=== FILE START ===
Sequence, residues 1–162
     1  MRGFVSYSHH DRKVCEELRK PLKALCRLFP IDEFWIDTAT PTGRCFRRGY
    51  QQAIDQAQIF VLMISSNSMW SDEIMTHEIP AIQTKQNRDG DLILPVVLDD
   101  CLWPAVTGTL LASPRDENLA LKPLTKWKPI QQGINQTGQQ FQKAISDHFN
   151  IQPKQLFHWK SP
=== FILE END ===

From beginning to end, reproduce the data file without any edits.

Sequence, residues 1–162
     1  MRGFVSYSHH DRKVCEELRK PLKALCRLFP IDEFWIDTAT PTGRCFRRGY
    51  QQAIDQAQIF VLMISSNSMW SDEIMTHEIP AIQTKQNRDG DLILPVVLDD
   101  CLWPAVTGTL LASPRDENLA LKPLTKWKPI QQGINQTGQQ FQKAISDHFN
   151  IQPKQLFHWK SP